A recent report said that the state is facing a shortage of 50,000 housing units in the next two years. Let's not forget that when the state says "housing unit," what they mean is "home for a local family." If these 'ohana don't have family to live with, they are basically forced to move away. Their children won't get to grow up as kama`aina and will likely only enjoy our beautiful environment as visitors once or twice a year. This HAS to change. There can be a balance between protecting our `aina and building affordable homes in a smart way. The picture below is linked to the article.
Native Hawaiian fishponds - loko i`a - were among the first conservation projects launched in Hawai`i. Its time to unlock their potential for community-based food production, cultural restoration, and environmental conservation!
Honolulu Star Advertiser published an article today about the use of backyard aquaponic systems as a way of achieving self-sufficiency. Our 'ohana - my in-laws - have been utilizing this system for years now, growing and eating their own produce. Check out my vlog for more.
Sign-waving and giving the shaka is an art-form. Jarrett Keohokalole for House District 48 explains.
The math speaks for itself. Too many young families are being priced-out of their own communities because they can't afford both the costs of rent and childcare. We should not have to choose between raising our kids and staying in our own communities! As a father of two, this issue is very important to me and will be one of a top focus of mine as your Legislator.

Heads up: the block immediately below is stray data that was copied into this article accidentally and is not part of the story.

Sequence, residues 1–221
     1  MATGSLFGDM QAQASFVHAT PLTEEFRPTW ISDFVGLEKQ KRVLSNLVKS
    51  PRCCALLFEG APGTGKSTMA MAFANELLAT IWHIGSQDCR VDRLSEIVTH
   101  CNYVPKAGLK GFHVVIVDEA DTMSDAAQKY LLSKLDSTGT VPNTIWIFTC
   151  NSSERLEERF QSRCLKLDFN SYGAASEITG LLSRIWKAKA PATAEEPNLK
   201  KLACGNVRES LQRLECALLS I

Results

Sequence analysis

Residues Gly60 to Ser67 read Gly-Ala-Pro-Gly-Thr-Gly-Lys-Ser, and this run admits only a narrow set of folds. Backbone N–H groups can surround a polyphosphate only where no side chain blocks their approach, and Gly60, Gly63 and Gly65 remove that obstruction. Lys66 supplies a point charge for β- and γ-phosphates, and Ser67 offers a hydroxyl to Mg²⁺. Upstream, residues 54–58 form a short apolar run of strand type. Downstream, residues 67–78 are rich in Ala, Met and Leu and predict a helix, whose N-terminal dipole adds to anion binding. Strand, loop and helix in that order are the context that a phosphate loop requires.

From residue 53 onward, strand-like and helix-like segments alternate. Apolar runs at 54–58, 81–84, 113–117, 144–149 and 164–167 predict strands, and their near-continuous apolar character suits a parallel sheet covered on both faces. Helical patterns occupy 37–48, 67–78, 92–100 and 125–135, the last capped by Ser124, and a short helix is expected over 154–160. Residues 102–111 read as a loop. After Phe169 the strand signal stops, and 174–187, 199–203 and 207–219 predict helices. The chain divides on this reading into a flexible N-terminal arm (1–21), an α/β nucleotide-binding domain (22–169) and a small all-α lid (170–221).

It's not surprising that the City & County of Honolulu is again ranked near the top in terms of the cost of living in the U.S. What is surprising is exactly how far we are from an affordable standard of living. A $10 minimum wage would be excellent, but it still falls $17/hr short of a living wage for a 1 bedroom apartment on O'ahu.
Hauling 'ōpala up from the streambed.
Here was some of the crew from the workday, still looking great after pulling invasive species and hauling them away from the streambed so that the water could flow better down to the lō'ī and out to the bay. Kamehameha Schools and University of Hawai'i students, as well as community members and families all pitched in to help mālama 'āina here at beautiful Papahana Kuaola in the back of Hā'iku Valley. For more information on this and other monthly community workdays in our community, visit www.huihawaii.org.
Tuition at private schools in Hawai'i already exceeds the tuition I paid for law school. Three schools are now set to go over $20,000/yr. That's over $1,600/mo! There is something wrong when a parent has to take on a second job to ensure that their kids get a quality education. We need to encourage more innovation and community involvement in our public schools to ensure that every child gets a quality education that doesn't force parents out of the home just to pay for it.